After 500 years, Leonardo Da Vinci’s bubble mystery has finally been solved: The answer baffles scientists

(ORDO NEWS) — Air bubbles often do not travel in a straight line when rising from water, and physicists have only just figured out why.

The genius puzzled over this riddle, but he simply did not have computer simulations.

If you’ve ever watched air bubbles rise through water, you may have wondered the same thing that Leonardo Da Vinci did: Why don’t they all rise in a straight line?

If so, you are over 500 years too late and probably not famous enough for people to pay attention to your question, but the good news is that you live at a time when scientists have found the answer to it.

Water Bubbles Mystery

The most curious thing about Leonardo’s observation is that only large bubbles zigzag or spiral up to the surface, and not small ones, although the same physical forces act on each of them.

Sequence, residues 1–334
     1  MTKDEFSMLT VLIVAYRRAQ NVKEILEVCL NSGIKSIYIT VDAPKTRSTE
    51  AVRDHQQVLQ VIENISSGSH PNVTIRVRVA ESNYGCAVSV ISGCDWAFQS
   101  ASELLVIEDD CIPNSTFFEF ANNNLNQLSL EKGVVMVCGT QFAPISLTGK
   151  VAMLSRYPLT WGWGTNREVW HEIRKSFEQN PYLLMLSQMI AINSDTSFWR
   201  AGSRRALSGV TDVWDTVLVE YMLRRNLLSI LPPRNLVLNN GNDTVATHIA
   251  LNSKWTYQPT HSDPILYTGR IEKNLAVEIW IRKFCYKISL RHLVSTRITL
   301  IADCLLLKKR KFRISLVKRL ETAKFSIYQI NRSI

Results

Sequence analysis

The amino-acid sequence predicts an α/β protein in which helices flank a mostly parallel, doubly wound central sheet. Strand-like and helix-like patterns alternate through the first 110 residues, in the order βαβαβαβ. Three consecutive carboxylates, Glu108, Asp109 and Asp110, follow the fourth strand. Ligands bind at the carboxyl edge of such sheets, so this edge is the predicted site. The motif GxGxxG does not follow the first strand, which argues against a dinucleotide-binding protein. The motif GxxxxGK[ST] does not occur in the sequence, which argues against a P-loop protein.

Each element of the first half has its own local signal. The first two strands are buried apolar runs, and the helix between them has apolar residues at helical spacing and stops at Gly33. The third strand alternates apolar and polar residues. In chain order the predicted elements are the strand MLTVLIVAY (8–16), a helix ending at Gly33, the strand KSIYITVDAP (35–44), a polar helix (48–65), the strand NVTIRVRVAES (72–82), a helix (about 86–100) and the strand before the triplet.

In a new study, Professor Miguel Herrada from the University of Seville and Professor Jens Eggers from the University of Bristol provide an answer to this puzzle that they hope will lead to new advances in understanding liquid/gas interfaces.

Herrada and Eggers noted that not only was the movement of the bubbles never explained, but it was also never described mathematically.

The authors observe a number of aspects of bubble motion that make it difficult to model them, despite the fact that the phenomenon is widespread.

Most importantly, they write: “The bubble deforms in response to the forces acting on the fluid, and in turn, the shape of the bubble changes the nature of the flow.”

Experiments have their own problems, as even minor contamination with surfactants such as soap can affect bubble behavior.

They found that the rising bubbles undergo a periodic tilt that changes their shape. The upward side has more curvature, which makes the surface more slippery, so the water moves over it faster.

This relieves pressure on that side, returning the bubble to its original shape before the cycle starts again.

Modeling predicts that this process should cause bubbles with a radius greater than 0.926 mm to oscillate and deviate from a straight path.

The critical size is within 2 percent of the value obtained in ultrapure water.


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